Before sex.com sold for $13 million, DNJournal’s top twenty list had fund.com in the top spot, at $9,999,950, followed by porn.com at $9,500,000 and diamond.com at $7,500,000.

The RU-Center auctions may not close, however.

As I reported yesterday, the registrar and five others are being investigated on antitrust grounds by Russian competition authorities, after allegedly registering tens of thousands of domains to themselves.

The auctions are currently frozen and the .рф registry, Coordination Center for ccTLD, has made noises about applying “sanctions” to the registrars that could include de-accreditation.

RU-Center, which confusingly does business at nic.ru, has defended its position in at least two articles here and here (in Russian, naturally).

As far as I can tell, none of these auctions will close until the registrar and the registry resolve their differences and/or the Russian government probe concludes.

However, it’s pretty obvious that the demand for Cyrillic generic IDNs is enormous in Russia, and could easily challenge .com on the big-sale league tables.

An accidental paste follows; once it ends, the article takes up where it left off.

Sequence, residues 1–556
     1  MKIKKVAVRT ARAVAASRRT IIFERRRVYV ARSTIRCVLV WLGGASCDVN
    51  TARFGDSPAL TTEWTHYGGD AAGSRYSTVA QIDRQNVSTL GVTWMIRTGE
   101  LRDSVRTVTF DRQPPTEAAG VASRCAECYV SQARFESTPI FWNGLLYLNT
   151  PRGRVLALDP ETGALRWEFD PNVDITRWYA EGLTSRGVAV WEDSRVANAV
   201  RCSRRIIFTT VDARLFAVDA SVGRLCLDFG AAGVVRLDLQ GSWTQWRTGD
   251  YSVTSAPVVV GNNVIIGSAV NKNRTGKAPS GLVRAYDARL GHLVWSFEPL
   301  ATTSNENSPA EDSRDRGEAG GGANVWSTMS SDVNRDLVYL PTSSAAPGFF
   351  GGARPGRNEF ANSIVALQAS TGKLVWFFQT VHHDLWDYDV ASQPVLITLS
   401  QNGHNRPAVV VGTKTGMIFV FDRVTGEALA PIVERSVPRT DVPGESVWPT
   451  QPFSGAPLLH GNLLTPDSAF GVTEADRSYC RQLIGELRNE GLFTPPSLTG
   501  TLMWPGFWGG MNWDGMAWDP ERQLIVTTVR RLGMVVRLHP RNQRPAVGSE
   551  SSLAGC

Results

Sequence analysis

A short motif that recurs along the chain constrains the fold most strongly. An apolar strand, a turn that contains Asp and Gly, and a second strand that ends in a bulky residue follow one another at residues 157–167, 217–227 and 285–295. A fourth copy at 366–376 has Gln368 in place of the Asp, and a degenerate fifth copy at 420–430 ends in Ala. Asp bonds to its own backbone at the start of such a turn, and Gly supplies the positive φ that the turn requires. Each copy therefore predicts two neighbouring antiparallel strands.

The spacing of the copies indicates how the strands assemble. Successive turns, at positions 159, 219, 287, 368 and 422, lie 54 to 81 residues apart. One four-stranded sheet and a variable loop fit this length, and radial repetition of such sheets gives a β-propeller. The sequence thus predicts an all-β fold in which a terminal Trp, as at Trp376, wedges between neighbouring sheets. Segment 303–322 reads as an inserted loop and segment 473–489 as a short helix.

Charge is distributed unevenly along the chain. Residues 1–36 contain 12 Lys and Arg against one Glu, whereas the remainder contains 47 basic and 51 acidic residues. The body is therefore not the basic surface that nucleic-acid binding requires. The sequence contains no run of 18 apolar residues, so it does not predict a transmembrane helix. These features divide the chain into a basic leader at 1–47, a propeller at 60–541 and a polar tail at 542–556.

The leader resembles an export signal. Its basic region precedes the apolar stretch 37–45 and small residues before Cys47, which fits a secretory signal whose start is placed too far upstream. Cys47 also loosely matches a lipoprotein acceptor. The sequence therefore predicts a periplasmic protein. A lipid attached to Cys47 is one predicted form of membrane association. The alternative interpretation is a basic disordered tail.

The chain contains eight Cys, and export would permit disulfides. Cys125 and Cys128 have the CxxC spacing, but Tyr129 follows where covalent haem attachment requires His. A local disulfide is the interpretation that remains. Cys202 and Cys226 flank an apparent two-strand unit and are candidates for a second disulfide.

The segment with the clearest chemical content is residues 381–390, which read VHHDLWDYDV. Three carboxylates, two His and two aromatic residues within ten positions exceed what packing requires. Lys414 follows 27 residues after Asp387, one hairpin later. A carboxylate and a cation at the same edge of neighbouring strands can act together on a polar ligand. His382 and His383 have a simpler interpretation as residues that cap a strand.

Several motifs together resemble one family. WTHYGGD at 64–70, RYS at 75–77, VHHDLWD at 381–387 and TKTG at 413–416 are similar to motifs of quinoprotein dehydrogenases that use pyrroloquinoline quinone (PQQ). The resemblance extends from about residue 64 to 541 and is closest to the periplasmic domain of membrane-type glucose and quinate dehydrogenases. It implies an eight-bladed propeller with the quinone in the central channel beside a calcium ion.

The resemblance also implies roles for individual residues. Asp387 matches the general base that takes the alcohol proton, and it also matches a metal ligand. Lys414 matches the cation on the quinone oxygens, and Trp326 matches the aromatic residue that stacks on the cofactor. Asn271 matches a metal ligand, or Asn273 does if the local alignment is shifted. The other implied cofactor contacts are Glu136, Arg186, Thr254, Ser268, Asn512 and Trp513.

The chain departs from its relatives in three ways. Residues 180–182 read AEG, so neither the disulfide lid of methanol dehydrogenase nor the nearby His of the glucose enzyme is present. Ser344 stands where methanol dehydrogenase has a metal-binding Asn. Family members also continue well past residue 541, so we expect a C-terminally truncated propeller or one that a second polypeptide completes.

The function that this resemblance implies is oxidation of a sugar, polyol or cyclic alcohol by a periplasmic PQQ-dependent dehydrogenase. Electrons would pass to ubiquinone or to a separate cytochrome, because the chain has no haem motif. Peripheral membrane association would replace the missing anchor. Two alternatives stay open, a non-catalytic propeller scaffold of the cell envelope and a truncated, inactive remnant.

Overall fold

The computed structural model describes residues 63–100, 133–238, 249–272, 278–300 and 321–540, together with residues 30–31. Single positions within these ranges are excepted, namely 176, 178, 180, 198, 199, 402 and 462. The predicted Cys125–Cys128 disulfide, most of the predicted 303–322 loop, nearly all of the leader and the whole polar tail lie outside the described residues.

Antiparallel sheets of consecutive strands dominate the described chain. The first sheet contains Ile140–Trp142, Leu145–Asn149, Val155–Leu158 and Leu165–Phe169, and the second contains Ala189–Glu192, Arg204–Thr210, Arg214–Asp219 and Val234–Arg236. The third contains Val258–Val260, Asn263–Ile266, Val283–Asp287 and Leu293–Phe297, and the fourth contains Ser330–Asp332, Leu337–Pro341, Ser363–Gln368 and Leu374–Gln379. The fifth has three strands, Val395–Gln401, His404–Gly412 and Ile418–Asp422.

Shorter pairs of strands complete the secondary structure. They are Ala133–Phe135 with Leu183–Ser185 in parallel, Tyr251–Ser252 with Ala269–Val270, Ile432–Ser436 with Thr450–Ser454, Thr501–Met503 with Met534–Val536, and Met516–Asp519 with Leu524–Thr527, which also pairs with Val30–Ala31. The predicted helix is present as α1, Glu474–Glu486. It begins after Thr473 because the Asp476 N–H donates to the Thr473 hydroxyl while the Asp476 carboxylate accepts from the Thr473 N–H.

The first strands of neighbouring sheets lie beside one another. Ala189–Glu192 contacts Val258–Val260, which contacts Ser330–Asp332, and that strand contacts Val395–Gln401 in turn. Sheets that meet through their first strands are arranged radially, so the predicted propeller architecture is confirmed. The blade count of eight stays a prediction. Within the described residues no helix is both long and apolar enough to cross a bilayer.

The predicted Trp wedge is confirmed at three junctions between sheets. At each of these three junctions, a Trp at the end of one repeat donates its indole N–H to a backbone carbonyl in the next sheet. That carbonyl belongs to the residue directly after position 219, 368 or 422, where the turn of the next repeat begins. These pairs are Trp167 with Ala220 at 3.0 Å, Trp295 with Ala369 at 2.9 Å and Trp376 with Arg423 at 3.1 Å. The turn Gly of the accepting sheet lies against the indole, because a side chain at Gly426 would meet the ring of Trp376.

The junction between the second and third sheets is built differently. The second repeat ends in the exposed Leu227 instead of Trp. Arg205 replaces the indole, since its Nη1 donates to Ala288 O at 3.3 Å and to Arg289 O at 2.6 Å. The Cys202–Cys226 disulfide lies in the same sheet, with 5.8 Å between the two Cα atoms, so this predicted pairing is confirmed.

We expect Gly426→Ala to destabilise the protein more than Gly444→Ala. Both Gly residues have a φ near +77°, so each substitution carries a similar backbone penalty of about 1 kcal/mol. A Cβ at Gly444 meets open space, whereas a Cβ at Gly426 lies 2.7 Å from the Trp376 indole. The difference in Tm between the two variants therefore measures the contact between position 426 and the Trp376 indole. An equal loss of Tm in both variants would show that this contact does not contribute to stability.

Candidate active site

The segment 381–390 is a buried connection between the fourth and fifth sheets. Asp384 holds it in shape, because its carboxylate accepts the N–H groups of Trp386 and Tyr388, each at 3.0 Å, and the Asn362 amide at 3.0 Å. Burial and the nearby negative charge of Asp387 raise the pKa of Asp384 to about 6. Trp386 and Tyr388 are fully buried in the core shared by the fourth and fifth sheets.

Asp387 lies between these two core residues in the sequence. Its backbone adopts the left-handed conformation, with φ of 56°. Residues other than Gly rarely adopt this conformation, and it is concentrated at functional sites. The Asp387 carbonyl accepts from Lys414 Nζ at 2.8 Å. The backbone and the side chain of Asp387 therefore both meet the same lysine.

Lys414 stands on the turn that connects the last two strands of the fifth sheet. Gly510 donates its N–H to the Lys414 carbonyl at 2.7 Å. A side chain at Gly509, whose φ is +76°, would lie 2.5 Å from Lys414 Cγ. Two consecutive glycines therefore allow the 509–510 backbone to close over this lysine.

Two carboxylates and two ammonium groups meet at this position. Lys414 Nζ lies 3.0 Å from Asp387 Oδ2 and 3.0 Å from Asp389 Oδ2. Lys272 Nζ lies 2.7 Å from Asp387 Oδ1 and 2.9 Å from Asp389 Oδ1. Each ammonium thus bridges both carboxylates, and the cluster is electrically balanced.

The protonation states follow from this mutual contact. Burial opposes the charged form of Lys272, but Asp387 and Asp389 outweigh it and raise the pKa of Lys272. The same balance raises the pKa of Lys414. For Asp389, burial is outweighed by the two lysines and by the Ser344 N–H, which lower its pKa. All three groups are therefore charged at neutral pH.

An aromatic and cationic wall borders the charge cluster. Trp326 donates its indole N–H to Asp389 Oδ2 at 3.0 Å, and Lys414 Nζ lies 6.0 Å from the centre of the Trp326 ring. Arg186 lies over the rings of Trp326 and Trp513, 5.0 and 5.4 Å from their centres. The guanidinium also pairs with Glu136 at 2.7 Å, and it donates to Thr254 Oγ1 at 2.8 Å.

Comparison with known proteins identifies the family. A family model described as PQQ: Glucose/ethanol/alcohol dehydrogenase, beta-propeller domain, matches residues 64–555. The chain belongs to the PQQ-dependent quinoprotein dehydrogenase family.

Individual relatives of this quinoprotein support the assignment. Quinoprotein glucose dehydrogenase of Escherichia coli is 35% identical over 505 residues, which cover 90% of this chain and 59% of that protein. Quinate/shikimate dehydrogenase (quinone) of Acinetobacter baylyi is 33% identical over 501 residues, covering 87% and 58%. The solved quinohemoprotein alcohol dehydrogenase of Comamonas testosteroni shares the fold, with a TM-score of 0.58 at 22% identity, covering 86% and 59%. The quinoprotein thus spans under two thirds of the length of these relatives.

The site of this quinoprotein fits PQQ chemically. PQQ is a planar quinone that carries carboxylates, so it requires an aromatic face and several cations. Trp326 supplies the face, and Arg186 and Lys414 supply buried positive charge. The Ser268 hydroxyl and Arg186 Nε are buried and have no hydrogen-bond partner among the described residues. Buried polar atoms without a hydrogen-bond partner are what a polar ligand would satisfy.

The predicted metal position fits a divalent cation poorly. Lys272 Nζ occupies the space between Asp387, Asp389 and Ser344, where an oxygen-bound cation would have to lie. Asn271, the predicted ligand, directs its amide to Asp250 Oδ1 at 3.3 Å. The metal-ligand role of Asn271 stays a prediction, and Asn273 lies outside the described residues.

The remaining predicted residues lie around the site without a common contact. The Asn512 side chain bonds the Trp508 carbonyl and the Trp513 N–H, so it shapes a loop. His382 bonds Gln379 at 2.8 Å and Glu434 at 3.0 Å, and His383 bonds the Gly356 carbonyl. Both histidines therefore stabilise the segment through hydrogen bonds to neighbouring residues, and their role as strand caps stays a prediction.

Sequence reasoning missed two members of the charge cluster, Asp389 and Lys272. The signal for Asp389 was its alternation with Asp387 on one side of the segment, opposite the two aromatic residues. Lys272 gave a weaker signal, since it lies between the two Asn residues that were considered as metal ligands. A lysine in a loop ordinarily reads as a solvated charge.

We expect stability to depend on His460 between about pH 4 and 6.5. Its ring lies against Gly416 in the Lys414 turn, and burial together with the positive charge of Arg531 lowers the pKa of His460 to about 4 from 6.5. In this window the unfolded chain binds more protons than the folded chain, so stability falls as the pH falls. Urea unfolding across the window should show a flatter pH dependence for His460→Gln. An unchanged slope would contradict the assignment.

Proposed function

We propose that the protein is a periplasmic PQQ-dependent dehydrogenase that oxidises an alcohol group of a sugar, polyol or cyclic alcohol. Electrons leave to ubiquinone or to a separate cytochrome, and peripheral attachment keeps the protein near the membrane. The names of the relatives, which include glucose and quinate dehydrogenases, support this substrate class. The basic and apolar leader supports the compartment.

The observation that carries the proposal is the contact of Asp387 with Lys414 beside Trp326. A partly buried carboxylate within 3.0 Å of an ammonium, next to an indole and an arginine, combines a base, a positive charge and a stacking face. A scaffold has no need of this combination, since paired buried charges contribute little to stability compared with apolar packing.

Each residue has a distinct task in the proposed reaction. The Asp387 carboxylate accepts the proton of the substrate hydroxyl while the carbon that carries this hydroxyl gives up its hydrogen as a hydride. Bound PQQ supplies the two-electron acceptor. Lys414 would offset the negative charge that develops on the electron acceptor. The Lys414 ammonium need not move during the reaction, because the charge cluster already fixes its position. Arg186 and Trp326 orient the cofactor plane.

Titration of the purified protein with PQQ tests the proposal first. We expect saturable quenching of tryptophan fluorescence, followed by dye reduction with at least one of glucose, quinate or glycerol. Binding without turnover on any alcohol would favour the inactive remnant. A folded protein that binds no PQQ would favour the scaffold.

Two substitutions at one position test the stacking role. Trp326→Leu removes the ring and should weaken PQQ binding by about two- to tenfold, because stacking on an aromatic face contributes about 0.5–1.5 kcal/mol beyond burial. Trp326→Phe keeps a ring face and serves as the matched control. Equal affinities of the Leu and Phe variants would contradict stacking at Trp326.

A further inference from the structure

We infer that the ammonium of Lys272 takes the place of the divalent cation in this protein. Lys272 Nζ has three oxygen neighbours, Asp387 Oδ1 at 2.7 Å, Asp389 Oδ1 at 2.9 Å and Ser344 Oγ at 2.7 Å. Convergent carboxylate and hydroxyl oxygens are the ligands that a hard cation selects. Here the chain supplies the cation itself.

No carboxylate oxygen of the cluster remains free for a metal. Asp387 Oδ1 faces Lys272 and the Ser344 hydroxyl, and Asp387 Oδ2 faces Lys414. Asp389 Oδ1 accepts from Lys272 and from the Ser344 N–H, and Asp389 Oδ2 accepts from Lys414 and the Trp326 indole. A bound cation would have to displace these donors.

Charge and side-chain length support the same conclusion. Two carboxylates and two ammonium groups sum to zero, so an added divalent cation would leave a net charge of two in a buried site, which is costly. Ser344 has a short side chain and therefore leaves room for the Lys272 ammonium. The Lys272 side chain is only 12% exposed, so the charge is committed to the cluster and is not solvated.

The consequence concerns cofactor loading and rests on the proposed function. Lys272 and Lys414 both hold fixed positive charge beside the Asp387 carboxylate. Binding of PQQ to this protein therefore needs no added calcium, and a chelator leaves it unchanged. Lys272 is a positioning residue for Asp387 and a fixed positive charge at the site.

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Three registrars face the ICANN chop

Kevin Murphy, November 24, 2010, Domain Registrars

ICANN has told three registrars they are in breach of their registrar contracts and will lose their accreditation next month unless they rectify the problems.

These registrars, all of which appear to have negligible numbers of gTLD domains under management, are affected:

Mister Name will be shut down if it does not pay its ICANN fees and escrow its Whois data.

Open System Ltd is accused of not having a functioning Whois service.

Best Bulk Domains Inc also doesn’t have a functioning Whois, ICANN said. It also has not been paying its dues and hasn’t maintained accurate contact information for itself.

All three have dates in mid-December to clean up their acts or lose their right to sell gTLD domains.

You can find ICANN’s compliance letters here.